To have previously dived with one of the most luxurious scuba dive companies in Australia meant that this scuba dive trip had little chance of ever living up to our previous expediton. From private cabin to shared bunk room next to the boat generators. As a rather light sleeper who sits up straight in the bed numerous times through out the night, I quickly learned that I would end up with black eyes and a brusied head if I kept it up from my top bunk only centimetres away from the floor above. The hostie was a norwegian girl, very blond and beautiful who had the Aussie crew completely hooked. Despite her apaulling cooking, the crew, each in an attempt to out do the other, would tell her how wonderful the food was! Put it this way, I began to appreciate the peanut butter sandwiches I could make myself at breakfast. The first night we motored out to the Outer Reef. It gave us all a chance to get to meet each other. Much to our surprise half the people on the boat were there to complete their Diving open water course. We had in fact been under the impression that you could only be on the boat if you were certified. The other experienced divers were a couple from Surrey who were BSAC dive instructors, who were about to hit their 500th dive! We thought would keep our heads low and follow the British couple and avoid mentioning we had less than 20 dives each.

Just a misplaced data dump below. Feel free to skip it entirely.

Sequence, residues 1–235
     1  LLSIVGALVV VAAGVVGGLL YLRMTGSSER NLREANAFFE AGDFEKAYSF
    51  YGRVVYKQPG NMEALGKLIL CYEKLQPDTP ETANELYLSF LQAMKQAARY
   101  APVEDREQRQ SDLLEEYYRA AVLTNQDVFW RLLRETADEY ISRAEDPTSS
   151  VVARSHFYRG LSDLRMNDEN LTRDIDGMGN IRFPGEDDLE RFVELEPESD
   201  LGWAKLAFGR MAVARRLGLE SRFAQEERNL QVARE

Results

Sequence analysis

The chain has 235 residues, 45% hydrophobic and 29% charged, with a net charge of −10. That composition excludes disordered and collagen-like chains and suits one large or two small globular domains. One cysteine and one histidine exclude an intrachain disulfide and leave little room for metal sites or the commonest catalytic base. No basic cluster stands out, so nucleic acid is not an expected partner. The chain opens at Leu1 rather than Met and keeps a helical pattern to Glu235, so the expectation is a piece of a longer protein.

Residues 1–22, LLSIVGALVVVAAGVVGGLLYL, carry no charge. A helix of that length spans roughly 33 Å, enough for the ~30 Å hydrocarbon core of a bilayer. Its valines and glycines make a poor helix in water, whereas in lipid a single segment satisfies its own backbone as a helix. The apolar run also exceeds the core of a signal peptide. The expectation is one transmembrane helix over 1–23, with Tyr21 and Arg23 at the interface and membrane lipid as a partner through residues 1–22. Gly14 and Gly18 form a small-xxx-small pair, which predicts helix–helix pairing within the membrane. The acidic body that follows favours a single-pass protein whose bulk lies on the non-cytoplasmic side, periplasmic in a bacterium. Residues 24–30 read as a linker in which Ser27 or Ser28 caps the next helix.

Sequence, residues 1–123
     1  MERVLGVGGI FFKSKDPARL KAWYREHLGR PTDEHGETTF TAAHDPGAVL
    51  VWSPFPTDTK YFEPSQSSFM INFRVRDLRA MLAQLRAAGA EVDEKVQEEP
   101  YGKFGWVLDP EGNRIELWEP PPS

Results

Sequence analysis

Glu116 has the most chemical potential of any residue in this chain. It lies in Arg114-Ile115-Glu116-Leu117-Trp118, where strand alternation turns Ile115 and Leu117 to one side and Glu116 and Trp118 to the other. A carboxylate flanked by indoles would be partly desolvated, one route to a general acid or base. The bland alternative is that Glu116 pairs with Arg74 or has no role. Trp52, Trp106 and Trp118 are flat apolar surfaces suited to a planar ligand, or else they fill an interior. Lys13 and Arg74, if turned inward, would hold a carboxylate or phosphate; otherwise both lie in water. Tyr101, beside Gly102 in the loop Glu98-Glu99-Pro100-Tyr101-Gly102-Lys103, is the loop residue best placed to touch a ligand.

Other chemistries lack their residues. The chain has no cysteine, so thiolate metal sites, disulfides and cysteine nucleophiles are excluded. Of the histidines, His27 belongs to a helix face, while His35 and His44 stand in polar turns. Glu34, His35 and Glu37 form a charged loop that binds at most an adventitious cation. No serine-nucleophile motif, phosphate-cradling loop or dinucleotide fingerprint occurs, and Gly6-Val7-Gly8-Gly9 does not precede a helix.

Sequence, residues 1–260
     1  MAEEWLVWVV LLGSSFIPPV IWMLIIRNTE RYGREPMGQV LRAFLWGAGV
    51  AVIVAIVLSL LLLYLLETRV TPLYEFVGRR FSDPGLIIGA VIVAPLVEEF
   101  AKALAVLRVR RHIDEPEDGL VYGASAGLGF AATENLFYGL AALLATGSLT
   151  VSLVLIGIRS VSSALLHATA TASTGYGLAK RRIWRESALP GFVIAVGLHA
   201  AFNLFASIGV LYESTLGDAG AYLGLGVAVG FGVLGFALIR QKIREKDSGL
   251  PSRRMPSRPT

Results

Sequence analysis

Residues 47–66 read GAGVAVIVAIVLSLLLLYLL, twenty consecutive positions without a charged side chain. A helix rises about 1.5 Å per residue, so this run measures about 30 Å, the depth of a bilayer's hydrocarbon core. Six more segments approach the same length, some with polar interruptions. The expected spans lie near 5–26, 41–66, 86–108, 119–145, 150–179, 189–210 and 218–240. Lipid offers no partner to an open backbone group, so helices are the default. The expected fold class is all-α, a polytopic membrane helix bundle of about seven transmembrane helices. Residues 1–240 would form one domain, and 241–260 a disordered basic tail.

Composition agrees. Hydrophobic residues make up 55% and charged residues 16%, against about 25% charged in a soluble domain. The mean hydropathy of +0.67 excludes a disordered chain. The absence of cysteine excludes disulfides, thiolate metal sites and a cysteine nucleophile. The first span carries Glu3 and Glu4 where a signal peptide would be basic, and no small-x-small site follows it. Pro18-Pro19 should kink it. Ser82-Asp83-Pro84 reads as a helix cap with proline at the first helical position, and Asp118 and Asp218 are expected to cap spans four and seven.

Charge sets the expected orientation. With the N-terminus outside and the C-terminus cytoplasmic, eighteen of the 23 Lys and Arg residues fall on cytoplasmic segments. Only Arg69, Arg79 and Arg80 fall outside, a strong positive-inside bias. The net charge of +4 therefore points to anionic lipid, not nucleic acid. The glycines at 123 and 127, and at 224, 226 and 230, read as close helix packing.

The first day of diving quickly showed us that the fish and coral are much less vibrant and abundant than further north on the Ribbon Reef. Despite this, Michael and I were able to build up our confidence with our underwater navigation, develop our diving skills and have fun being underwater photographers. Having looked at the results of our photographic artistry I think both of us are suited to careers unrelated to the camera! We did have fun, the people on the boat were a laugh as were the crew. On the second day we had to motor back to the Whitsundays to drop off some of the passengers. It was a pretty rough crossing and some of us (not naming names...oh its ok michael said i can name names - poor poor green michael!) found the railing on the leeward side of the boat the best place to situate ourselves. While we are on the subject, an interesting anti-seasick method came from the skipper: Skip says, "Stick one cigarette filter in one ear and you'll have no worries...too easy". I don't think Michael tried it! Diving on the second and third day was off the various islands on the Whitsundays. Interestingly, the isle reef is very silty as there is no open water to take it away. For the best visibility it is best to dive at about 5 metres close to the beach, where the coral and fish are just blooming. We did make it back to Airlie Beach, thank goodness, so we could stock up on some proper food!